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People v. Kelly

Court of Appeals of Michigan

September 22, 2016

PEOPLE OF THE STATE OF MICHIGAN, Plaintiff-Appellant,
v.
CALVIN RAY KELLY, Defendant-Appellee.

          APPROVED FOR PUBLICATION November 8, 2016

         Kalamazoo Circuit Court LC No. 2014-001300-FC

          Before: Murray, P.J., and Hoekstra and Beckering, JJ.

          PER CURIAM.

         In this interlocutory appeal, the prosecution appeals by leave granted[1] the trial court's order denying its motion to admit other acts evidence. For the reasons explained in this opinion, we vacate the trial court's MRE 404(b) analysis and remand for further proceedings not inconsistent with this opinion.

         In the present case, defendant has been charged with kidnapping, MCL 750.349, three counts of first-degree criminal sexual conduct (CSC), MCL 750.520b, and assault with intent to commit CSC involving sexual penetration, MCL 750.520g. These charges arise from the alleged sexual assault of SH in April of 2008. DNA collected during SH's sexual assault exam matches defendant's DNA profile. Indeed, defendant does not dispute that a sexual encounter with SH occurred on the date in question. Rather, the defense theory of the case, as set forth in lower court documents, is that SH "did in fact consent to the sexual contact or penetration with" defendant. According to the defense theory, SH consented to sex that evening as a prostitute in exchange for compensation.

         In contrast, according to the prosecution's theory of the case, this 2008 attack on SH is just one of eight sexual assaults committed by defendant. These eight sexual assault cases date from 1985 through 2010 and span four different states-Missouri, Tennessee, Michigan, and Virginia. In each case, defendant isolated the victims by selecting women who were alone and/or driving them to a more secluded location. Once the victims were isolated, defendant then forced them to engage in vaginal-penile penetration. To compel the victims' compliance, defendant employed weapons, most commonly a knife, and physical violence, including punching and choking his victims. He did not use a condom and he ejaculated, frequently leaving behind DNA evidence. DNA evidence links defendant to five of these cases, including SH's case; and, in two of the cases without DNA evidence, defendant acknowledged to police that he had sex with the victims at the times in question. While defendant was interviewed by police in several of the other cases, he was never brought to trial and there are no convictions relating to these other cases. If confronted by police, as in the present case, defendant claimed that the sex was consensual and he disparaged the victims, typically claiming that they were disgruntled prostitutes who fabricated claims of sexual assault after he refused to pay for their services.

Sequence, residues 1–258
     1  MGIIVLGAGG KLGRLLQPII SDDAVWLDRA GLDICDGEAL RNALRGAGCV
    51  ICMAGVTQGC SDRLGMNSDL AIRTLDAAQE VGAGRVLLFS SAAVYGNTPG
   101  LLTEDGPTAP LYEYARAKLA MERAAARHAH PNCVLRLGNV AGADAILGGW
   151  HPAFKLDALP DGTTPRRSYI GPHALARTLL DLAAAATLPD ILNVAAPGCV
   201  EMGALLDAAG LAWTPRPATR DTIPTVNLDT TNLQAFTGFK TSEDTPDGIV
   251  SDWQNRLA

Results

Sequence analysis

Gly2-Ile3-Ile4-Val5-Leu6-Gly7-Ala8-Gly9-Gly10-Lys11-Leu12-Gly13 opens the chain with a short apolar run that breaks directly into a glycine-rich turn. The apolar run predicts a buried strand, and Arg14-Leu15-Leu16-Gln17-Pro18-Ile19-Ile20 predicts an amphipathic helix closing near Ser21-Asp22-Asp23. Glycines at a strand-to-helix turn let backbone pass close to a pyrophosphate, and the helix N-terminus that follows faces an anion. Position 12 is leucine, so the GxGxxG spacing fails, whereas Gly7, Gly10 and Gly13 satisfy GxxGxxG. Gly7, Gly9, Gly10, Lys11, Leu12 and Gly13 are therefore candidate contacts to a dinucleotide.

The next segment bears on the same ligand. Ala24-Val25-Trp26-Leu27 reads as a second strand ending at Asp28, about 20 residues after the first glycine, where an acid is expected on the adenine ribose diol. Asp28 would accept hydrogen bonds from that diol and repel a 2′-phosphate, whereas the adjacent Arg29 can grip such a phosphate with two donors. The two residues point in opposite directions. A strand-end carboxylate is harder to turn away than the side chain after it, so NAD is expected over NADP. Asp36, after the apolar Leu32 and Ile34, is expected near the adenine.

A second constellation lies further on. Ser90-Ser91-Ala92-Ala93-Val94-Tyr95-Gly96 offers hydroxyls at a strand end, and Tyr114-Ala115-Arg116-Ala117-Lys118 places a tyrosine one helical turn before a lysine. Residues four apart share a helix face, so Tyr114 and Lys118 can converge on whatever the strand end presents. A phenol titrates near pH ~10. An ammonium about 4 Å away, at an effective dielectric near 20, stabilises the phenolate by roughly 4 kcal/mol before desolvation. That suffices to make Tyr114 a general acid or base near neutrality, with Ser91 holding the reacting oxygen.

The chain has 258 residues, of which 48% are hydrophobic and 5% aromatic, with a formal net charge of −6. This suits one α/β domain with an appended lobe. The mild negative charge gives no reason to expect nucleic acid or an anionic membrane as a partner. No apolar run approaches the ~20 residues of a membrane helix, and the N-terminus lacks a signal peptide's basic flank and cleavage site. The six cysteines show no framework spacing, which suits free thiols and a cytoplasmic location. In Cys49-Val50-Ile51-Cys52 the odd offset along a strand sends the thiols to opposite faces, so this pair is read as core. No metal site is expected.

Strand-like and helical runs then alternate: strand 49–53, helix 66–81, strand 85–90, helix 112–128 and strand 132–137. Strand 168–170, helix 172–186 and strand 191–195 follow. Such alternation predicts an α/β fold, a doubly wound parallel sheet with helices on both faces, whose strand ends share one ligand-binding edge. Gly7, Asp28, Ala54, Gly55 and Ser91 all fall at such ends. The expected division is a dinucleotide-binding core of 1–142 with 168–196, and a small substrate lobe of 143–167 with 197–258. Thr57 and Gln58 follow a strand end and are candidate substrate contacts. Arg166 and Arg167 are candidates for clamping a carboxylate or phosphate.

In this case, the prosecution filed a notice of intent under MRE 404(b)(2), indicating that it intended to introduce evidence of defendant's other acts relating to these reported sexual assaults. Given the similarities between the other acts and the alleged assault on SH, the prosecutor argued that the other acts evidence was relevant and admissible under MRE 404(b) for proper purposes, namely: to establish defendant's intent and to demonstrate a common scheme, plan or system in doing an act.[2] In contrast, defendant took the position that "[r]elevancy means believability" and, because the other conduct involved mere "allegations" of sexual assault and the previous victims were not credible, the evidence lacked probative value and amounted to mere propensity evidence. According to defendant, allowing the prosecutor to present proof of these other acts would turn the trial into a "sordidly long affair, " and any probative value was substantially outweighed by the danger of unfair prejudice.